I want to pause here and mention, most of the characters appear together in round-table meetings, but nothing strategic is discussed here. They discuss how Katniss should behave on camera. Not, how to attack Capitol and free the Victors, not how to aid the rebellion without being discovered - nope, Katniss being likeable on TV is of highest importance. Without the Games in this film, we have nothing to break the monotony of the story. Whatever action is taken happens all of a sudden. Suddenly a rescue op is being carried out for Peeta - no clue who strategised or how, it just happens.
Peeta is seen in a grand total of three and a half scenes - where he pleads his lines about stopping the rebellion, while diminishing in stature. CGI and makeup make him look emaciated, but that's it. When he's rescued, he tries to kill Katniss (and almost succeeds). We are told (not shown) that he's been brainwashed into believing she's the enemy. Great. And that's the entirety of his role. 
Rescued.
Much was made of him being a damsel in distress, and it's an important subversion of the trope, except, he is one of many to be rescued, and he's rescued by a SWAT team of people who are not Katniss. Heck, in that sense, 'Captain America: The First Avenger' subverts the trope much better (the Captain goes on a solo mission to rescue his tortured male friend in distress). 

Gale literally follows Katniss around like an oversized puppy - only coming into his own when he's away from Katniss on the rescue op with Boggs. Gale hardly appeared in the first two films, they could've given him more to do in this one. He's shown to suddenly be a military man - it would have made sense to at least show us his training regime to know how come Boggs is so reliant on him. 
Gale - The silent soldier.
He gets to narrate to us his last moments in District 12 - this would have worked best if the narrative had been mixed with flashbacks, effectively giving Liam Hemsworth the chance to actually act instead of brood (what is with these brooding heroes, anyway).
Finnick - depressed and worried.
Finnick Odair (Sam Claflin), who was such a delightful revelation in 'CF' mopes about in a depressed state over his also-captured girlfriend Annie. The only time he's given something to do is make a distracting tell-all propaganda video (more on that in a bit). I get he's depressed, but he was in on the rebellion well before Katniss, so how come he sits about doing nothing? And if he's worried about Annie as much (if not more) than Katniss is about Peeta, why isn't he lashing out like she is, or why isn't he forming as assault team - he was more than capable of doing so in the previous film.
When he's finally asked to do something, it's at the very end of the film. The power in Capitol has been cut by the rebellion, but Beetee is able to switch on some power in the building holding the Victors. To distract Snow from this, Beetee broadcasts Finnick's propaganda video. Trouble is, while Finnick is talking, we are following the op. The editing is very distracting - it was hard to concentrate on what Finnick was saying, because the rescue op was obviously way more interesting. Not only were we focusing on those two, but also on Katniss and the D13 team orchestrating the entire thing - way too much in one scene.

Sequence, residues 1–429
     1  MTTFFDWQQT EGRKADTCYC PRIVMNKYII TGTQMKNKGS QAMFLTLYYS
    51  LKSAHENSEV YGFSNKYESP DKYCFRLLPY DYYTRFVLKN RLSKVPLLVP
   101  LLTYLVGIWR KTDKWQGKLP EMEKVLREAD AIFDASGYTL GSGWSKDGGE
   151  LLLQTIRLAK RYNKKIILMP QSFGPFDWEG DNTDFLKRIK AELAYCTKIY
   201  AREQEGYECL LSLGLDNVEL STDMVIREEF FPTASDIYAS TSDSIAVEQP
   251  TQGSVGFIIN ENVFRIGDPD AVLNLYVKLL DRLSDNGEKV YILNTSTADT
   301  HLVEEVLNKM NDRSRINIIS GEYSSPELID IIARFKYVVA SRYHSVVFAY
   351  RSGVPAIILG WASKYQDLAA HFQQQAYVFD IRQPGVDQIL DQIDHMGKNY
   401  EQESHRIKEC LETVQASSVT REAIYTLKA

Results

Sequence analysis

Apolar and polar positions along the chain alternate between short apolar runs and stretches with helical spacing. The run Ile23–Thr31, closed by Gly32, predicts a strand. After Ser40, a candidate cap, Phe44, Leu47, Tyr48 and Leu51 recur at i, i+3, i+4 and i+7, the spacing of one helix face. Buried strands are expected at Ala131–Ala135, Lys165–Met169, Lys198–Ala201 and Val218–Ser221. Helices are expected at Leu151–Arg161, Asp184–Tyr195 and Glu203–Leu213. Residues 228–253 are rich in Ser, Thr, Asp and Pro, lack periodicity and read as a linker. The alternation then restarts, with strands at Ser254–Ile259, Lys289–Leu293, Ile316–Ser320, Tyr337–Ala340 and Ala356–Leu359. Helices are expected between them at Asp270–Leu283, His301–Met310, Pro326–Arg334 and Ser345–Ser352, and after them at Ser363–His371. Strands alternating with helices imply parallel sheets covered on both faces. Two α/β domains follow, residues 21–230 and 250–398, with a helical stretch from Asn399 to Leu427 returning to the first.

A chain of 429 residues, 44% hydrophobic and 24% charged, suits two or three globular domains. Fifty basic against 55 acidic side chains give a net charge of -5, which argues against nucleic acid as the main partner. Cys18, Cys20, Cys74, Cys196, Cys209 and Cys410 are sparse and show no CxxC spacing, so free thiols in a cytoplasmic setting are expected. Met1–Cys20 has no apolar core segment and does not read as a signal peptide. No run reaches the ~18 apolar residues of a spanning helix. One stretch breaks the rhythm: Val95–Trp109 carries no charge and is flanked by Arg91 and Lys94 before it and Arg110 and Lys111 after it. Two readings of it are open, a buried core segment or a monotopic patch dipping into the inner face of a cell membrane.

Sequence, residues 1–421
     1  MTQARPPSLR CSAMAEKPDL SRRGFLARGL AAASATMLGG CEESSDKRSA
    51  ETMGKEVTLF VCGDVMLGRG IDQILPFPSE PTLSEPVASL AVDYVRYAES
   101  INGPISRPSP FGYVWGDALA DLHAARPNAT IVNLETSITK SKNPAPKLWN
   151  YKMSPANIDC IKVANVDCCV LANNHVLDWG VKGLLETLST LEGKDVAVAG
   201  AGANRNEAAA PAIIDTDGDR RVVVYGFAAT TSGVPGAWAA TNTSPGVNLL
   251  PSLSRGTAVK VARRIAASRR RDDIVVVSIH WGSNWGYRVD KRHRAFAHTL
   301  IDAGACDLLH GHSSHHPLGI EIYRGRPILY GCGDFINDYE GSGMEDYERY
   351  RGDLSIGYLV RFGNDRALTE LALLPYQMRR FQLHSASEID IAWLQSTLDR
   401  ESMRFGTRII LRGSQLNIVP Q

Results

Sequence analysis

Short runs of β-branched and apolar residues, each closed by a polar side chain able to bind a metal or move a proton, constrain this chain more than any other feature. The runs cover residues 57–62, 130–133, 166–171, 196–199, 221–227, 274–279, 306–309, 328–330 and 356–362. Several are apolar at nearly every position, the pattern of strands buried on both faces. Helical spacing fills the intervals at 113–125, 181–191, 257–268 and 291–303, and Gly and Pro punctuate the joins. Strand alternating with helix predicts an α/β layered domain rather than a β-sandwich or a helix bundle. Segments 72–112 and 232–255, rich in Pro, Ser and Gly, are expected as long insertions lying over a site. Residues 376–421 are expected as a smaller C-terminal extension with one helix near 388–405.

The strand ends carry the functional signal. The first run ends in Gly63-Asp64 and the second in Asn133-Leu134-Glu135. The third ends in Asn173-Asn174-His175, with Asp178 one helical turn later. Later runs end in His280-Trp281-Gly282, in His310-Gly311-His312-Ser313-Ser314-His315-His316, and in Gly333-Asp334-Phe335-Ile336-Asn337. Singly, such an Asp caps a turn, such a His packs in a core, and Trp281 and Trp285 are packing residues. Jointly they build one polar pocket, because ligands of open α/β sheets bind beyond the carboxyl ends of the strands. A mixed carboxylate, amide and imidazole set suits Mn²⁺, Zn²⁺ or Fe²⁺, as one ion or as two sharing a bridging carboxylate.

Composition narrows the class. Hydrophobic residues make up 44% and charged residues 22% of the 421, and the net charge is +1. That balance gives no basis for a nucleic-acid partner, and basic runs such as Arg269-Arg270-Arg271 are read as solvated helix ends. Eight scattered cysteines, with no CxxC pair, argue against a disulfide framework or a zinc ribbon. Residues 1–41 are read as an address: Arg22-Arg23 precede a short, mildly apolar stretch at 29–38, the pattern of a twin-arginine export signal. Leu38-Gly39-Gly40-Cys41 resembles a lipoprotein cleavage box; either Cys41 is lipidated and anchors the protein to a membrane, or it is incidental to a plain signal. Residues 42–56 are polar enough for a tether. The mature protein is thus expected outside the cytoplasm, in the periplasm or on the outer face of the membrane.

Finnick.
Apparently the rescue happens off-page in the book, so I'm glad it got some much-needed screentime here. But, did we need to concentrate on what Finnick was saying? Had he just been giving the audience information that we were previously privy to but the Capitol audience were not, I think it would have made a lot of sense. Or if his narrative directly related to the goings-on in the rescue (which is far-fetched, indeed). But Finnick tells the audience about Snow's heretofore unknown dirty secrets, and I was able to catch very little of it.

Apparently, Snow had an eye for attractive Victors and pimped them out. Finnick was definitely one of them. That's a disturbing turn indeed, and made me question the world more.

Johanna Mason (Jena Malone, seen for a grand total of half a second in this film) in 'CF' was vehement in wanting to live her own life after having played and won the Games. We know that the Victors continue to go on silly tours every year, where they are treated as royalty. Hence I get Johanna's anger at having to participate yet again. But, if what Finnick says is true, then life after the Games appears to be a greater hell than in them! Unless Johanna was not one of Victors to have caught Snow's eye, hence was unaware that this stuff happened.

What I find interesting is that a female writer always throws a curveball when it comes to the characters and their experiences - I mentioned how I loved that athletic and gorgeous Finnick is devoted to a mentally unstable woman, and that you were unlikely to see that in a story written by a male (not true for all of course, in Ed McBain's 87th Precinct series, Detective Steve Carella loves his wife Teddy, and she's hearing impaired). So, I found it interesting that Suzanne Collins gives us this home-truth about Snow through Finnick - we are far more used to seeing a female character make a revelation like that. It's still dark though, and causes a lot of problems for the overall world of the book.

'MJ1' still has some action, but absolutely no pace or momentum. It concentrates on the characters, but doesn't develop them. It expands the world, but doesn't fill it. There's way too much going on, with nothing happening. In conclusion it loses its own plot, which is a real shame, given that Katniss was supposed to be the hero that young girls were supposed to look up to.
There should have been more of this in the film.